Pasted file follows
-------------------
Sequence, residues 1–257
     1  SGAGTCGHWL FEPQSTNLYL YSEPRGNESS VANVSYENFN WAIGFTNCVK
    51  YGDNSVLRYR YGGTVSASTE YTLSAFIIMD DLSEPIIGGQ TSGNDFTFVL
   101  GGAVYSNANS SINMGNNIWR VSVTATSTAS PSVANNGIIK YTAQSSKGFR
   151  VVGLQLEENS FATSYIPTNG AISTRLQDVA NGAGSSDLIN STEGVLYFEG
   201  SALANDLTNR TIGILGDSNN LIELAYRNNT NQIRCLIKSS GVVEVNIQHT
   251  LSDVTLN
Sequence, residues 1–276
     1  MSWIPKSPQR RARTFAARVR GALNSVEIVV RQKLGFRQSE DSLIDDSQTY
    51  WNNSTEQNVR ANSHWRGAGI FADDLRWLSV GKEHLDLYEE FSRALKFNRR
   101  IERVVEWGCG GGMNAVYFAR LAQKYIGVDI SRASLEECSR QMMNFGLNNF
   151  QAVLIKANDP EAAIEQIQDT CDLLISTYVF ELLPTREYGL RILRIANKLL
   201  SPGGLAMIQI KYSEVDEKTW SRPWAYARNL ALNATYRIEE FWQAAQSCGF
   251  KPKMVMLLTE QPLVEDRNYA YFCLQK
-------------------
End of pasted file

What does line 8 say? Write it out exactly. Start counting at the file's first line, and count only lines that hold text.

Sequence, residues 1–276